The recently released Australia's Health 2018 report found more than 99 per cent of children and 96 per cent of adults don’t eat the recommended intake of five serves of vegetables a day. Further research also found that 7.8 million deaths across the globe have been attributed to low intake of vegetables.
The findings are somewhat of a shock, given that Australia is one of the lucky countries where a huge variety of fresh fruit and vegetables are readily accessible and available every day.
Having a high intake of vegetables can result in a lower risk of heart disease, some cancers and type 2 diabetes. In fact, for every 200 grams of fruit and veggies eaten each day, there’s an 8 per cent reduction in the risk for heart disease and a 16 per cent risk reduction for stroke, according to new research that uses data from 95 different studies.
And while some people confess they don’t eat veggies because they don’t like the taste or don’t have time to cook, the pros of a diet rich with fruit and vegetables far outweigh the cons.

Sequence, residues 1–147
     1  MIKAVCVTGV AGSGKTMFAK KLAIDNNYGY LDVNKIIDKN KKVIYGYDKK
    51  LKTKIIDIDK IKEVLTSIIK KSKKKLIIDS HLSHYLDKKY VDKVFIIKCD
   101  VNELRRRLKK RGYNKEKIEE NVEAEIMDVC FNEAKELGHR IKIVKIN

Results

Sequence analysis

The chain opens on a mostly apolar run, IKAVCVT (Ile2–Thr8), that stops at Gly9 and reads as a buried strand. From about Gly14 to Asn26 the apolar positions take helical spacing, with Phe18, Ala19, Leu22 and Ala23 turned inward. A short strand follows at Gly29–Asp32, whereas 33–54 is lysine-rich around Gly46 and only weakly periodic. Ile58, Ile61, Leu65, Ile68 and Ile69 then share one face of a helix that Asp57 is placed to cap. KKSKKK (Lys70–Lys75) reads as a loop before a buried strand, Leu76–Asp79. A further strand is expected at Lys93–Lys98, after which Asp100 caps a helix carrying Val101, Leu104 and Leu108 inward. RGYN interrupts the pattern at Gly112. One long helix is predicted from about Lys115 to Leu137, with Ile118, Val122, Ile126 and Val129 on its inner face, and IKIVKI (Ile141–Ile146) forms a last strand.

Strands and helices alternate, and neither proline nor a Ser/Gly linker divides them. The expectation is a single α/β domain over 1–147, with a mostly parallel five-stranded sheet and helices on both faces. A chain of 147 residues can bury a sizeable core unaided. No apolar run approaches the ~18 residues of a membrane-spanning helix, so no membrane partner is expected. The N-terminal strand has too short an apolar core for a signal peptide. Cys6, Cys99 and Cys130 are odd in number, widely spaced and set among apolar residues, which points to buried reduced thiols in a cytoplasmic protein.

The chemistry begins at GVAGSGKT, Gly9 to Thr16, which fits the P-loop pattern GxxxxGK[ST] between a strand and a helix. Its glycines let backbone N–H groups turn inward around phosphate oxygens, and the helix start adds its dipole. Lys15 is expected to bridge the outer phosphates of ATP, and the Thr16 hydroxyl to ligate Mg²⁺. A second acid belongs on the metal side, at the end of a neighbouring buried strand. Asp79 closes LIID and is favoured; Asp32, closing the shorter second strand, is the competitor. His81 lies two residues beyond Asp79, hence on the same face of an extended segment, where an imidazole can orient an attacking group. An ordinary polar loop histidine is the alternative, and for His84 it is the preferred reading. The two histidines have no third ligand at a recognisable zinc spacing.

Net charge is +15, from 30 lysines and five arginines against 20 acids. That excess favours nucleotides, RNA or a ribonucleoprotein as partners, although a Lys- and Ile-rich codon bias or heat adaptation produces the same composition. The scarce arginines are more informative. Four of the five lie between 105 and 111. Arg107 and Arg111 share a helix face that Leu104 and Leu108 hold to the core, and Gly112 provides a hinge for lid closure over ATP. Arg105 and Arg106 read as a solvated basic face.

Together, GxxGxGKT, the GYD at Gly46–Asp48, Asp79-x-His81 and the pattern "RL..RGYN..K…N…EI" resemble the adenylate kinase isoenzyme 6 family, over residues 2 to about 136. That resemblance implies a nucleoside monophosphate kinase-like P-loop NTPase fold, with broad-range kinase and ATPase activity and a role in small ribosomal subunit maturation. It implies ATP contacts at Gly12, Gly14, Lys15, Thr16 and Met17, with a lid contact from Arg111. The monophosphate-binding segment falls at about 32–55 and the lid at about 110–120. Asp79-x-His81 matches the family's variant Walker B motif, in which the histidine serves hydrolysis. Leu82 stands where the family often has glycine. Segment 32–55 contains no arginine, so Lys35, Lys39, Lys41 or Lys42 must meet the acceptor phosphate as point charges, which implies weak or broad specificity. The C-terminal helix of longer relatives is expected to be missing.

Eating more apples, pears, citrus fruits, cruciferous vegetables (such as bok choy, broccoli, brussel sprouts, cauliflower, radish and swede), and leafy green vegetables is associated with a lower risk of heart disease and death. Something to keep in mind considering the leading cause of death of males in Australia in 2016 was heart disease.
As easy way to cook and incorporate a large variety of veggies into your life is the classic one-pan veggie bake. Simple grab a heap of veggies, chop them up, drizzle with olive oil, sprinkle with salt and pepper, and bake in the oven until golden. Need more taste? Try adding a simple cheese sauce, or adding garlic or flavoured oils to your pan of veggies.
This article originally appeared on Better Homes and Gardens.
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